# Understanding Linked List

### Tri Nguyen ・4 min read

Greeting fellow coder.

On this installment I will break down Linked List data structure...you will learn about the fundamentals, how they work, a variation called a "doubly linked list" (I didn't make that up), and ask the question... are they easy to learn and should you? spoiler...you should.

## What is A Linked List ?

Linked List is a data structure consisting of a group of vertices (nodes) which together represent a sequence. Each vertex is composed of a data and a reference (link) to the next vertex in the sequence. In simpler terms, it is a flexible data structure that can store many nodes, and it does this by having each nodes point to the next node in the list.

Linked List and its variations are used as underlying data structure to implement List, Stack, Queue, and ADTs(Abstract Data Types).

breakdown:

- This particular linked list there is 7 nodes, and in each node there is a specific variable in this case they are numbers [22,2,77,6,43,76,89]
- The arrows for each nodes connecting one to another, these arrow are called pointers.
- The "head" label indicates when the linked list begin and the 'tail' label indicates when it ends.
- If you are looking at the tail node and wondering "hey isn't every node in a linked list suppose to have a pointer that points to the next node". You are 100% right, as a matter of fact the last node does have a next pointer value and it is 0 or null, which indicate you have reach the end of the list.

## How do you use it?

Since Linked List is such a fundamental and simple linear data structure. It has a range of potential applications as a list ADT(Abstract Data Type) e.g. student list, event list, appointment list, etc.

As stated earlier Linked List is also being used as an underlying structure to create other more complex structure such as Queues and Stacks.

Furthermore because linked list can be easily be reorder, split, trimmed, reverse, and so on. They can be pretty useful for algorithm like sorting.

Lets try to **search** a value of *43* from the linked list example above

breakdown:

- Searching through a linked list is fairly simple, the algorithm will check first at the head node if the value is 43. If no, it will continue to the next node by the way of the pointer and so on.
- You can predict it will go through 4 node until it reaches the node with the value 43. If we were to search for a value that is not on the linked list it will traverse through the whole list and eventually return null.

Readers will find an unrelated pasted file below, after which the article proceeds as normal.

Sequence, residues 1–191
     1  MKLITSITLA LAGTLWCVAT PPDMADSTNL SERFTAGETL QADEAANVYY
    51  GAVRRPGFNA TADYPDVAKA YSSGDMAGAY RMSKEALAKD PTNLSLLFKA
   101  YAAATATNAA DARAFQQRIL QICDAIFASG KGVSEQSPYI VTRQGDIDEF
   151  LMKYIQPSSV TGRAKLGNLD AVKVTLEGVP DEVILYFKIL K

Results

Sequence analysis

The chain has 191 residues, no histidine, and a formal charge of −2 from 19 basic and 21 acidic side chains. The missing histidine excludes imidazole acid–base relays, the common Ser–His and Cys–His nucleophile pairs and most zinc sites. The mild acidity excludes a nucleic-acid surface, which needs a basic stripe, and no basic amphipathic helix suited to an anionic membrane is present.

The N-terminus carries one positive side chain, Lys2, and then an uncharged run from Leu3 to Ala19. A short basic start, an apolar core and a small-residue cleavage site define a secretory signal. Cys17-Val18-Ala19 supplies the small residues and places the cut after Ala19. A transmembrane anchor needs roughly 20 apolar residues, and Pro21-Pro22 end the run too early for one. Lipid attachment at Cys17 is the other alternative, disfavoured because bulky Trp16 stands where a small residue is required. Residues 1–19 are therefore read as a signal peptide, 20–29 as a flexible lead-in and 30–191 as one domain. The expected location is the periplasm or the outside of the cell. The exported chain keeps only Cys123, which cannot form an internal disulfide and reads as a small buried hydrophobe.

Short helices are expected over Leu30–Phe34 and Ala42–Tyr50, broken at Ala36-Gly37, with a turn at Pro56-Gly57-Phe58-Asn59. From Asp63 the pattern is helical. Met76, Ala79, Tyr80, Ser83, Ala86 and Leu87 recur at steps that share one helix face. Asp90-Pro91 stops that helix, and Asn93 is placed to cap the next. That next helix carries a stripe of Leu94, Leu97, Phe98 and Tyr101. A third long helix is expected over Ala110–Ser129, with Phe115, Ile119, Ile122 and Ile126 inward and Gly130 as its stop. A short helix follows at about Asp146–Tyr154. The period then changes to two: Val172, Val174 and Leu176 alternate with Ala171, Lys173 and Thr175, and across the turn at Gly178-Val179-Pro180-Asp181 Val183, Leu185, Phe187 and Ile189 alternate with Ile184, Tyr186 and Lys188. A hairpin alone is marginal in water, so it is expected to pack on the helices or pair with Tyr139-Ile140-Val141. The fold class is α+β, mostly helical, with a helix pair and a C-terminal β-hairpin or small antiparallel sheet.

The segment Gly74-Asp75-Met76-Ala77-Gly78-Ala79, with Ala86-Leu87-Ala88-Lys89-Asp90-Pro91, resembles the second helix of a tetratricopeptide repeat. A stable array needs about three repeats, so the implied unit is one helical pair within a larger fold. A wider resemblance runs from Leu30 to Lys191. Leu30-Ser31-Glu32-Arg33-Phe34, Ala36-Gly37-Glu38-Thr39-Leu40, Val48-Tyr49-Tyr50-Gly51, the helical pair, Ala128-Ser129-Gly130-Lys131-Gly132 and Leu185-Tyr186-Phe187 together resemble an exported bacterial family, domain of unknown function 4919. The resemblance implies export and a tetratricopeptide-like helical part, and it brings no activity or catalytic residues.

Lets try to **insert** a value of *14* at index 3 in the linked list

breakdown:

- Originally at index 3 was a node with the value of 6
- To insert the new node (value 14) the algorithm first traverse from the head to index 3 then add the node .
- By adding the new node we change the pointers of index 2 (value 77) to point to the new node (value 14). While the inserted node (value 14) pointer is now pointing at index node 4 (value 6)

Time to **delete** a node in the linked list. Lets remove the node in index 2 (value 77)

breakdown:

- It is a fairly simple process
- We traverse to the node in index 2 (value 77), and remove it from the list.
- By removing the new node we change the pointers of index 1 (value 2) to point to now the new node from index 3 (value 14)

In summary Linked List is very similar to arrays when it comes to searching, inserting, or removing something in a list. But the difference comes from the Big O notation and how long it takes for each data structure to execute.

EXTRA ....EXTRA

Lets talk about a "doubly linked list". Since all of the previous example above are consider singly linked list. Here are some basic information on doubly linked list.

reference from: Geeksforgeeks

A Doubly Linked List contains an extra pointer, typically called previous pointer, together with next pointer and data which are there in singly linked list.

some advantages for a Doubly Linked List(DDL):

- A DLL can be traversed in both forward and backward direction.
- You can remove a node more efficiently disadvantage
- Every node in a DDL require extra space for the previous pointer

## Why do you need to know Linked List ?

Linked List are similar to Arrays in terms of a linear data structure. But unlike Arrays where their size is fixed and we must know the upper limit size of elements in advance, unlike Linked List which are more dynamic. Another advantage is the ease of insertion/deletion, in a linked list you do not have to create room and shift a node when you insert/delete like in Arrays, you only need to change the pointers to a new element when inserting/ deleting a new node.

In terms of Big O notation, the average time to access and search is Θ(n) slower than arrays. Insert, and delete data is Θ(1) faster than arrays.

hopefully this article was helpful.

Thanks for reading me !